This systematic review examines the specific effects of pingueculum and pterygium on the ocular surface and evaluates the efficacy of surgical excision in reversing those effects.
A systematic review was performed according to the Preferred Reporting Items for the Systematic Review and Meta-Analyses statement and included 59 articles studying the effects of pterygium and pingueculum on the ocular surface as measured by tear break-up time (TBUT), Schirmer testing, tear osmolarity, Ocular Surface Disease Index (OSDI), and the effects of surgical removal on these ocular surface parameters.
In most studies, eyes with pterygium or pingueculum when compared with control eyes had a statistically significantly lower TBUT (average 3.72 s), lower Schirmer I without anesthesia (average 3.01 mm), lower Schirmer II (average 4.10 mm), higher tear osmolarity (average 12.33 mOsm/L), and higher OSDI (average 6.82 points). Moreover, excision of pterygium and pingueculum led to a statistically significantly higher TBUT (average 3.15 s higher at 1 mo postexcision), lower tear osmolarity (average 3.10 mOsm/L lower at 3 mo postexcision), and lower OSDI score (average 2.86 points lower 1 mo postexcision) in most of the studies. The effect of excision on Schirmer test scores was equivocal because most studies did not reach significance.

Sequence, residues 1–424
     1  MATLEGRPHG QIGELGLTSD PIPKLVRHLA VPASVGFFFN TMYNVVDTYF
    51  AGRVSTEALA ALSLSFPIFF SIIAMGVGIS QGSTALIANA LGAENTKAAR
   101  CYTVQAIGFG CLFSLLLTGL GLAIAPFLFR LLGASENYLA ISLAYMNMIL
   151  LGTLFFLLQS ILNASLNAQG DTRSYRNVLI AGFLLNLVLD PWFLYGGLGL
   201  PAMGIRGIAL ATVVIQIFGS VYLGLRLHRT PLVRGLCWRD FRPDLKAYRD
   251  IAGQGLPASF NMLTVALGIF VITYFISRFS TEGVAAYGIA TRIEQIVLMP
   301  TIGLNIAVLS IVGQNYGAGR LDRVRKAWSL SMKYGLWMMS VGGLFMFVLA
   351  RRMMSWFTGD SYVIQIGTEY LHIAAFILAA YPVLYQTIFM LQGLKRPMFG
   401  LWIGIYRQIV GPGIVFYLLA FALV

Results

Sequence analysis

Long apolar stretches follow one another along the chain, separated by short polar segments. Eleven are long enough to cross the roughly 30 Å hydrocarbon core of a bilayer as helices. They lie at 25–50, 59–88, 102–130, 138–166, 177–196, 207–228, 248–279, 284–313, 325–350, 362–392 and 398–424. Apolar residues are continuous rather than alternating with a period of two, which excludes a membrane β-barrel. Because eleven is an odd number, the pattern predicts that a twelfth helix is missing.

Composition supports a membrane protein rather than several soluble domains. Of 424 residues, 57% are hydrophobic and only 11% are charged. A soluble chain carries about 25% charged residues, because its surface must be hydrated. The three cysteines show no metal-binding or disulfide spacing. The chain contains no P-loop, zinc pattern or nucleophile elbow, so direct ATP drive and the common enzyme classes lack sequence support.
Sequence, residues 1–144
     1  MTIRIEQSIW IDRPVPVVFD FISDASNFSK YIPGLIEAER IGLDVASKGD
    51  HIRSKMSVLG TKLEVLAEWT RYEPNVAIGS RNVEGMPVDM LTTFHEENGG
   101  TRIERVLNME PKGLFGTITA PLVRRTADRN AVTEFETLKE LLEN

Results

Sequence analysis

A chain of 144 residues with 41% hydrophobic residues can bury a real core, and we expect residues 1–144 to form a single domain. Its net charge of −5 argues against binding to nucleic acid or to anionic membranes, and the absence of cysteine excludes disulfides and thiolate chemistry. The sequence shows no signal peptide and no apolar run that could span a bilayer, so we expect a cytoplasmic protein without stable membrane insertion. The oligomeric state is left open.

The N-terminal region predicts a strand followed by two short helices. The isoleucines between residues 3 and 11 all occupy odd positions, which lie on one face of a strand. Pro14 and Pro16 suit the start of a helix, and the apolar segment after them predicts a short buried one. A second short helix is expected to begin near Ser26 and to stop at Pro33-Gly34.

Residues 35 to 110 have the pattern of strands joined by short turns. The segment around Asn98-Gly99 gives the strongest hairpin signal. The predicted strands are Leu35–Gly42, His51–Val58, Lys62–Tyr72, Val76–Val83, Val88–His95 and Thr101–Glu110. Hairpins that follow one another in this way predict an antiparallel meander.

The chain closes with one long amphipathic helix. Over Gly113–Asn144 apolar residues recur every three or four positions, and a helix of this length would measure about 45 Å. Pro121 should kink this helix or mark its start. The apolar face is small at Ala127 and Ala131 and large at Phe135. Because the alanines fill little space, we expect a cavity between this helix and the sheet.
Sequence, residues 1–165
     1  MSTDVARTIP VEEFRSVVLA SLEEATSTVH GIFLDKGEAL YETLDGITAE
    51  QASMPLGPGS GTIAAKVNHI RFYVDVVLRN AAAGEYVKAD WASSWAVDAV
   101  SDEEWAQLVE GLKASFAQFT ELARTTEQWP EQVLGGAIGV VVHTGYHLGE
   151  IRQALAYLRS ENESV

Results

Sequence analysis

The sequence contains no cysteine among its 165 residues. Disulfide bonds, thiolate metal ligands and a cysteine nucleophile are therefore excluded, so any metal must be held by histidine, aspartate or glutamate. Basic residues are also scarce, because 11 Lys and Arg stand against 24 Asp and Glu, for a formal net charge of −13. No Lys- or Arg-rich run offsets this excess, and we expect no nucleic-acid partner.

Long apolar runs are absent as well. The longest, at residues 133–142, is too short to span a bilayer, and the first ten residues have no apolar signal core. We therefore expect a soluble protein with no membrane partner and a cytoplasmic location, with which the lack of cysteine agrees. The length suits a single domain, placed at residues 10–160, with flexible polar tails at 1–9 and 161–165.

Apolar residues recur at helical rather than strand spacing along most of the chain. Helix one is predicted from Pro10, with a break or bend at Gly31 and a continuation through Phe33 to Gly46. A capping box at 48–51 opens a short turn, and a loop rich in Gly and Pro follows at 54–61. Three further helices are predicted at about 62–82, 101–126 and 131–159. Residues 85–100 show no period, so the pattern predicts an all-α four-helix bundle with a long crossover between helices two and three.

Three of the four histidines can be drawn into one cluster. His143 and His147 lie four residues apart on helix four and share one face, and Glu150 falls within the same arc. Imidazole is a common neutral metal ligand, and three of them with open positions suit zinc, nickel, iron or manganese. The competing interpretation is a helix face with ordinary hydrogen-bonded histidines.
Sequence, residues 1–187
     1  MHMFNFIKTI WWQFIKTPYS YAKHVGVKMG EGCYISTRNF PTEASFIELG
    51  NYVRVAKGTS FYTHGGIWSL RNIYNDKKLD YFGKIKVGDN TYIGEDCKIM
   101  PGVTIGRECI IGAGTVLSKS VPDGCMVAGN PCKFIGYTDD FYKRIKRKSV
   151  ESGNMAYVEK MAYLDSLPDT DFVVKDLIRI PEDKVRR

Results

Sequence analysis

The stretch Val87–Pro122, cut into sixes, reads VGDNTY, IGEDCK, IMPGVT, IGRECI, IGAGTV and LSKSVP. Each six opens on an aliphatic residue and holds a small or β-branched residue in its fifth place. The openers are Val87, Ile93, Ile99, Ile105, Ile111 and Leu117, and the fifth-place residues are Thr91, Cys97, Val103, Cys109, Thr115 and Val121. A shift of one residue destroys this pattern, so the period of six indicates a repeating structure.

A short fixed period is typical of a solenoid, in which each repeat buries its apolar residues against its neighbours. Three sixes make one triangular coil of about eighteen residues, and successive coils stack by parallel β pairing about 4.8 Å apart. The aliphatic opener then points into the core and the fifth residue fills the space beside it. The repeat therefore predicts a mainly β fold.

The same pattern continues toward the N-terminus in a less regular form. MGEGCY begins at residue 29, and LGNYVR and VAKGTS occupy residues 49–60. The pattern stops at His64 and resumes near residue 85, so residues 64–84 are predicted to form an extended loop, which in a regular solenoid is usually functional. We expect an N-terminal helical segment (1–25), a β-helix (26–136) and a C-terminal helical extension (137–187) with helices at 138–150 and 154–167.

Our data confirm the relationship between pterygium and pingueculum and abnormal tear function and symptoms of dry eye disease. Furthermore, the data suggest that tear film parameters might improve after surgical removal of pterygium or pingueculum. Future studies would be helpful in exploring the potential role of pterygium and pingueculum excision in the management of dry eye disease.